VW-Bugatti is flooding the Web with photos of this quite incredible über-car, the Galibier—which suggests to some that they will likely produce it. The company filed for a trademark application late last year. For approximately $1.6 million, you get a machine constructed largely of carbon fiber and aluminum with a wood and leather interior, and indeed an engine comes with it:
Following the footsteps of the outrageous Veyron, the Galibier features a 16-cylinder motor in a W-configuration displacing a whopping 8.0 liters. And as if that wasn’t enough, engineers also slapped on dual two-stage superchargers—replacing the quad-turbocharger setup found on the Veyron. Official horsepower figures have not been disclosed, but we wouldn’t be surprised to see a number approaching 1,000 hp.
Shown at Frankfurt last year and Geneva earlier this year, the car now appears in black (much better looking) with styling hints from great past Bugattis, like the Type 57 with its dorsal spine. The Veyron is nearing the end of its production run, and this car, with a rumored top speed of 220 mph, looks to be a worthy successor.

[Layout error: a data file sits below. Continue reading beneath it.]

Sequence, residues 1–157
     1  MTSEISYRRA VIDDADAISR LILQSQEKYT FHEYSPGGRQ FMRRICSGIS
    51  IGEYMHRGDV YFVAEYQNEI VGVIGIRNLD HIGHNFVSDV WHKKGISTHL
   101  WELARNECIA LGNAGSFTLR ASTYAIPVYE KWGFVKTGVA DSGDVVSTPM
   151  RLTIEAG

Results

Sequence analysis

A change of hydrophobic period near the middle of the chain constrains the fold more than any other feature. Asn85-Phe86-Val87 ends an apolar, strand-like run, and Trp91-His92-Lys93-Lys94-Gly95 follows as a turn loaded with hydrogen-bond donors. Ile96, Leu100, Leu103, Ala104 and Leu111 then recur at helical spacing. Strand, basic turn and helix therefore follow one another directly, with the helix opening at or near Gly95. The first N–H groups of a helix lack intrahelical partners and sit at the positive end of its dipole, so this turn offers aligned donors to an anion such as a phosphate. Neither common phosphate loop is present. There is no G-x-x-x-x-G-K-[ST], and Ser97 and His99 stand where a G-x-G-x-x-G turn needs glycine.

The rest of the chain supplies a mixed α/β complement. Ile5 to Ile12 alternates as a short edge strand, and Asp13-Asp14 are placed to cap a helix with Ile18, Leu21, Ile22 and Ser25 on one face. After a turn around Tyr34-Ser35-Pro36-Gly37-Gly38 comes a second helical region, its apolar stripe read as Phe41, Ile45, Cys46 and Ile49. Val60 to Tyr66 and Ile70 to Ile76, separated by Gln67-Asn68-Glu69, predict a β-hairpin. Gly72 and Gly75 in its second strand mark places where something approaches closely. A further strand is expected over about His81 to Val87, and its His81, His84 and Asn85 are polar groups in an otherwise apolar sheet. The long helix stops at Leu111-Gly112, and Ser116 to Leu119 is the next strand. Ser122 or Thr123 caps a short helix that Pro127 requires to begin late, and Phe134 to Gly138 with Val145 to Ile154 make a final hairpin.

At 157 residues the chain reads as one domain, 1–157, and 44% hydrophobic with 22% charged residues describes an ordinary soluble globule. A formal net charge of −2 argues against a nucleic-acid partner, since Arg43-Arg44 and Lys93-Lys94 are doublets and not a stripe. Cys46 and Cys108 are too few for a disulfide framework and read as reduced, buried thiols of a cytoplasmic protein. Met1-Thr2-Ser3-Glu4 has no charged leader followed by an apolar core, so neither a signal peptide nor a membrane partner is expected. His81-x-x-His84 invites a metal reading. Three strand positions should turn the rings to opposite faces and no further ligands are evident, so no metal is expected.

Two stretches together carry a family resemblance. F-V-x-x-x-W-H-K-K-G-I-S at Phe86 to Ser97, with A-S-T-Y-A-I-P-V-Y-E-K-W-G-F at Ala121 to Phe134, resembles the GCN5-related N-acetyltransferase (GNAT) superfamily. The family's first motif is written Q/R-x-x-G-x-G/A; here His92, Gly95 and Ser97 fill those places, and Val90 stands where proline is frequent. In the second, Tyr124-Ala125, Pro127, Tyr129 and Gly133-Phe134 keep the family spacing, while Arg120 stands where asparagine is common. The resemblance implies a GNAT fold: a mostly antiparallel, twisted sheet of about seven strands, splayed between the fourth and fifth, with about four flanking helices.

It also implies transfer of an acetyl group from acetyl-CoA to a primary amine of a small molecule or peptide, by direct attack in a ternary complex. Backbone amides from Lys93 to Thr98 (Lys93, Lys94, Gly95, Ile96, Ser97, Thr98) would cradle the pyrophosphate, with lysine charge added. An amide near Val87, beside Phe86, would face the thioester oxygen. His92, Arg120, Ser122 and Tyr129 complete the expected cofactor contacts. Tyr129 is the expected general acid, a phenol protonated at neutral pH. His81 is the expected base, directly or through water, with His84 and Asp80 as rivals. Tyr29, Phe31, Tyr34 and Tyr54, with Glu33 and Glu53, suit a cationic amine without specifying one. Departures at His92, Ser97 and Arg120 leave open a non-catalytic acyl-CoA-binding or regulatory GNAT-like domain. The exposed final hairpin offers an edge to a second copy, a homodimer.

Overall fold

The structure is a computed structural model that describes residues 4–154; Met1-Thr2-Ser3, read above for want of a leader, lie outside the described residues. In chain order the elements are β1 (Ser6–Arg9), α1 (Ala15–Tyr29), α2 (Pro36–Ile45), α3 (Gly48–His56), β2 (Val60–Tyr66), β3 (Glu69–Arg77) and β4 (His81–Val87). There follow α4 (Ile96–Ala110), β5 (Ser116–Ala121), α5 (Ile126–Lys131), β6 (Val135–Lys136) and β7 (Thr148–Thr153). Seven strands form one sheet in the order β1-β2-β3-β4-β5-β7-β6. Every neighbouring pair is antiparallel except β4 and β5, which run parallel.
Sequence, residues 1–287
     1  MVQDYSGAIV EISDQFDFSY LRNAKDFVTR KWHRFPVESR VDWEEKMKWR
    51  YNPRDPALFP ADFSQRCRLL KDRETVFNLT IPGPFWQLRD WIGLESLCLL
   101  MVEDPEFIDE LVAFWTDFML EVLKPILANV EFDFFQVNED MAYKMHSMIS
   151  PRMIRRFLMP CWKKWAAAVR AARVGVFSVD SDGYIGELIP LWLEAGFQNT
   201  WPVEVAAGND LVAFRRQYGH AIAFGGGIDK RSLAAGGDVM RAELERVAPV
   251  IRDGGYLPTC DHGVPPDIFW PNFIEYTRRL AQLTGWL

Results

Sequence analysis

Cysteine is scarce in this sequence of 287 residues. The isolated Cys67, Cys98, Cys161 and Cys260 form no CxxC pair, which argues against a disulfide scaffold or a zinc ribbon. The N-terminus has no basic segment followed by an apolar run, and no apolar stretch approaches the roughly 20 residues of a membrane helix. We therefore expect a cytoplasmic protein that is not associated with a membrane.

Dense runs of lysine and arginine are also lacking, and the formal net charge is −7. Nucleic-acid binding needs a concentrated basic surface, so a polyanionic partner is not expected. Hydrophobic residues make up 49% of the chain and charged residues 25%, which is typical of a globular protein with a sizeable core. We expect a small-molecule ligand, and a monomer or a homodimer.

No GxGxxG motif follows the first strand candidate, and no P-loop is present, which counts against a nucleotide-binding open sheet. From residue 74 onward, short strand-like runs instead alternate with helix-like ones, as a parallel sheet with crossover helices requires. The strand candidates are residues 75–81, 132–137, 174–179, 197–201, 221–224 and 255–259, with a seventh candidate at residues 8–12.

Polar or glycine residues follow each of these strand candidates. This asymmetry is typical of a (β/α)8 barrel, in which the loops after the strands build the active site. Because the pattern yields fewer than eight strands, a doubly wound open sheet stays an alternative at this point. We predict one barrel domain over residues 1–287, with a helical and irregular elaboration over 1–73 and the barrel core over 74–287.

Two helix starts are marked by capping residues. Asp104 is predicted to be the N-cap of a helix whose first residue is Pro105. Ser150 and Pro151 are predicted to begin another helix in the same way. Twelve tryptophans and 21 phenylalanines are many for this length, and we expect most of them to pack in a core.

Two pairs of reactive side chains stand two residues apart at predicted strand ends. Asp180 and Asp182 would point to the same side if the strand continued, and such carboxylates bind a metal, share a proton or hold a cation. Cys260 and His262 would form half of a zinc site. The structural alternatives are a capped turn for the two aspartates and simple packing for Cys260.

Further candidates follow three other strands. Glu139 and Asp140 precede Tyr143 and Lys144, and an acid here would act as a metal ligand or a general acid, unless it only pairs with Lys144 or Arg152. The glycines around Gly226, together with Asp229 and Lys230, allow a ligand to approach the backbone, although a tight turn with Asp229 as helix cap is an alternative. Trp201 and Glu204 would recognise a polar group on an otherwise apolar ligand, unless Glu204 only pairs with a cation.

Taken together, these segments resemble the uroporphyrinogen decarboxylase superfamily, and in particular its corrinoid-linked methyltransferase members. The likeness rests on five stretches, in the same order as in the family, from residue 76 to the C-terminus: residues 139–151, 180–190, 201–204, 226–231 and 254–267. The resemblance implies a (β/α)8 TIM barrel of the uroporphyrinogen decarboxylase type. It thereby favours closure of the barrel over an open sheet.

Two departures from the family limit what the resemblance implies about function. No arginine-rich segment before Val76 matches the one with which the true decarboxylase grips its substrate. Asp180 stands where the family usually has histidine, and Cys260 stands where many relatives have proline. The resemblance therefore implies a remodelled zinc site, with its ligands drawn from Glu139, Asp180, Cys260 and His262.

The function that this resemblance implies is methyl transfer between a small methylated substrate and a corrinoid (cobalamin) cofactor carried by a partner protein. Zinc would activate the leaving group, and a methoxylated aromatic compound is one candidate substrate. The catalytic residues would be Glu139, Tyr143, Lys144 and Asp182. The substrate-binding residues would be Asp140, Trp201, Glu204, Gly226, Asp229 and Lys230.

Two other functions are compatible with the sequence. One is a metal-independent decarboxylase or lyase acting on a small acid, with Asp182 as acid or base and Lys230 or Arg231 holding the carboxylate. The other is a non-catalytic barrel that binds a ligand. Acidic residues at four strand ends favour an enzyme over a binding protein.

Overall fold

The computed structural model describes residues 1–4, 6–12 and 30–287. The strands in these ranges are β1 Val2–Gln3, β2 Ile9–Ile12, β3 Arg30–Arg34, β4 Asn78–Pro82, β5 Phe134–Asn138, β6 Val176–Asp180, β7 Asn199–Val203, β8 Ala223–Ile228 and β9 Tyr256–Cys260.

Long considered by some unworthy of the Mercedes name and heritage, Maybach is reportedly on the way out, though its cars will get a mild facelift this year. The car has never sold well; it’s little more than a fancified S-Class, which Mercedes now wants to push as its true flagship car.
Mercedes is pulling out all the stops to add techno-gizmos to its new S-Class cars (coming in 2014) that are truly outrageous.
The car’s interior controls are operated from a large monitor. However, this doesn’t require physical contact—instead, you run your fingers in front of a pad on the centre console. A camera then films your movements, which are translated into actions on the screen, allowing owners to open applications and zoom into maps simply by gesturing, rather than touching.
This thing is called the Human Machine Interface, and we can only hope it will one day go the way of the Maybach.
The Maybach, someone said, looks like a Lexus. The Galibier, I say, looks like nothing else. Will it find buyers, and who will they be?